“ To render the present system of fraud-proofing more effective, Commission services will be required, when proposing new legislation with a potential impact on the Community budget, to submit draft proposals to OLAF for a risk assessment during inter-service consultations. DG Budget will be assisted by OLAF in the review of the Commission’s systems for contract management (e.g. standard contracts, central contracts database, management tools). OLAF will also provide advice on fraud-proofing throughout the legislative process.”

2.2. The communication on fraud-proofing of legislation and contract management

The purpose of the 2001 communication on fraud-proofing was to achieve the objectives of the White Paper on reform and of the Commission communication on the overall strategic approach to fighting fraud. Those objectives were to develop a culture of prevention and to strengthen the capacity of the basic legal instruments to withstand fraud or any other illegal activity. The prevention mechanism laid down in the 2001 communication covered two aspects: legislation and contract management.

Legislative fraud-proofing was limited to the most vulnerable items of legislation. Identifying vulnerable fields of European policies in advance made it possible to better target the consultation procedure. The communication introduced a cooperation process in four phases:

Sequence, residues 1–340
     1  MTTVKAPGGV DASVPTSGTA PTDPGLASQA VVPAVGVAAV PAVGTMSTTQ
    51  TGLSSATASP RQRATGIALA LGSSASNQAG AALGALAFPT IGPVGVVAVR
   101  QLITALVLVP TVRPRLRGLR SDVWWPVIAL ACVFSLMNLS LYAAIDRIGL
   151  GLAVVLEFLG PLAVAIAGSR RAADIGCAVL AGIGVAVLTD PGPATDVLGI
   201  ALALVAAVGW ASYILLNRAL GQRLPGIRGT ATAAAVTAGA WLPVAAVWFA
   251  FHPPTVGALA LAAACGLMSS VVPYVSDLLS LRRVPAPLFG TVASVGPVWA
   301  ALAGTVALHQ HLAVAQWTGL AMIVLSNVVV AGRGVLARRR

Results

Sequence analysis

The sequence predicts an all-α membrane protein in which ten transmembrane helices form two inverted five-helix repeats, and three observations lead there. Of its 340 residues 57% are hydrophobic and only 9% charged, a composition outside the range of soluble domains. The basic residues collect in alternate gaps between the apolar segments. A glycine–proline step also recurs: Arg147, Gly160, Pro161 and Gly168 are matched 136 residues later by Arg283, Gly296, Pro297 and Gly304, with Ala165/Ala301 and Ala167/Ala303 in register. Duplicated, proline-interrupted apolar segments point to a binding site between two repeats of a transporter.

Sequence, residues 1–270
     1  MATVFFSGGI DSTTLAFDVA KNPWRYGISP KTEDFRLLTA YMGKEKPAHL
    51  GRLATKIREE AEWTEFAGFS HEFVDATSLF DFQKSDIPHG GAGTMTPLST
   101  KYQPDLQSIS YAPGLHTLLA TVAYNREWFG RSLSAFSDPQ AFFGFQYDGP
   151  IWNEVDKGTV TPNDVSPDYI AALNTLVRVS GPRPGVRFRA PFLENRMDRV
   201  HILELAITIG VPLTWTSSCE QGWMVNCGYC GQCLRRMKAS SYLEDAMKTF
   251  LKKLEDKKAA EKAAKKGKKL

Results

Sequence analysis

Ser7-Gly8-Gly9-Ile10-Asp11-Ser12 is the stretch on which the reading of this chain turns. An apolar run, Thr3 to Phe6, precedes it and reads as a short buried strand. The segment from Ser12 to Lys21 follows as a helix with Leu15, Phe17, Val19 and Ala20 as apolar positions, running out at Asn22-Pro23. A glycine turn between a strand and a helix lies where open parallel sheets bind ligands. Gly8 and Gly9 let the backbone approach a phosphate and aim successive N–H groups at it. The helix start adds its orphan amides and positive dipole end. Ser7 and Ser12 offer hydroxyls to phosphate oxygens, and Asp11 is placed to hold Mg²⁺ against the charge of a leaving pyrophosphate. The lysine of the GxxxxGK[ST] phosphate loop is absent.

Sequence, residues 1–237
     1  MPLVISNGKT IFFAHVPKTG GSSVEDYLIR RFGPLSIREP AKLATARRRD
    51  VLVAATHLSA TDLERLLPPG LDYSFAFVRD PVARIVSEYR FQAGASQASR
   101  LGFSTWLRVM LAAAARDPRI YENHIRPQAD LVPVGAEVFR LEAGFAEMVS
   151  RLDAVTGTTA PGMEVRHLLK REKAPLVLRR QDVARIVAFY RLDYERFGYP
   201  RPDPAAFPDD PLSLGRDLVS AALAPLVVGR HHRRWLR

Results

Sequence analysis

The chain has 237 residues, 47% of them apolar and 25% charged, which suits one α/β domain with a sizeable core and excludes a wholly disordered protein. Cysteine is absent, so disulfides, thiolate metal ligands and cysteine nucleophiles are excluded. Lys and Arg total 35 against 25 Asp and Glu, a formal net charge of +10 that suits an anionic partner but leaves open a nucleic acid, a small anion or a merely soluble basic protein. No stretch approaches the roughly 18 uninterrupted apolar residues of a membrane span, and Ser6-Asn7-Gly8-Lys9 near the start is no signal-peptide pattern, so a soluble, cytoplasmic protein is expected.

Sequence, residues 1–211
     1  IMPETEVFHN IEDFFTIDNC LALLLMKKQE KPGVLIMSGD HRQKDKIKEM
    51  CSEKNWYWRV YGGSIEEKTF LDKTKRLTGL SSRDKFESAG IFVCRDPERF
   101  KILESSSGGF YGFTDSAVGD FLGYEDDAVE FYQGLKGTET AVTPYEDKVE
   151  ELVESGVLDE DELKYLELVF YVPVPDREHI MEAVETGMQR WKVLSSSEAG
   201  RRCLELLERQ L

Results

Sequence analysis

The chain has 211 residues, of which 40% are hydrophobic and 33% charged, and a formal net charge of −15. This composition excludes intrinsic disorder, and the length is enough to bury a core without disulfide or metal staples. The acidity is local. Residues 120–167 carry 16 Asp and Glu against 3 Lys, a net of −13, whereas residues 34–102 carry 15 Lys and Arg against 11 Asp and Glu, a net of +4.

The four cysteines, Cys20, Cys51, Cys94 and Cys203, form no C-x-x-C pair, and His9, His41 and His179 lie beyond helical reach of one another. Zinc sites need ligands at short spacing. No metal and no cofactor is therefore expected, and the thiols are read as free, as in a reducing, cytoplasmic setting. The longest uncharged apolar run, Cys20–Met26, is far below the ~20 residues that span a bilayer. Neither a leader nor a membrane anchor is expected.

1. definition of criteria to identify high risk sectors;

2. identification of high risk sectors;

3. identification of legislative initiatives needing fraud-proofing analysis before adoption, and

4. upstream consultation of OLAF.

Preventing fraud and irregularities in contract management — the second aspect of the 2001 communication — was pursued at two levels:

5. Establishment of standard procurement contracts and standard grant agreements at central level (the Directorate-General for the Budget), clauses and procedures for procurement contracts and for grants were harmonised: contracts and standard agreements suitable for use by all Commission departments were drafted, and guides and guidelines (vade mecums, circulars etc.) were published.

6. At contract management department level, various instruments were to be developed, to be used by the Commission departments independently. Some of these are of individual interest, such as standard contracts and local databases, which may or may not interface with the general accounting database of the Commission.

2.3. The need for a new approach to fraud proofing

The objectives of the fraud-proofing procedure have been achieved. OLAF was closely involved in the successive revisions of legislation applicable to the execution of the EU budget and in the adoption of basic acts and standard instruments developed by Commission departments to implement the EU budget. For more details see the attached report on the achievements of the fraud-proofing procedure.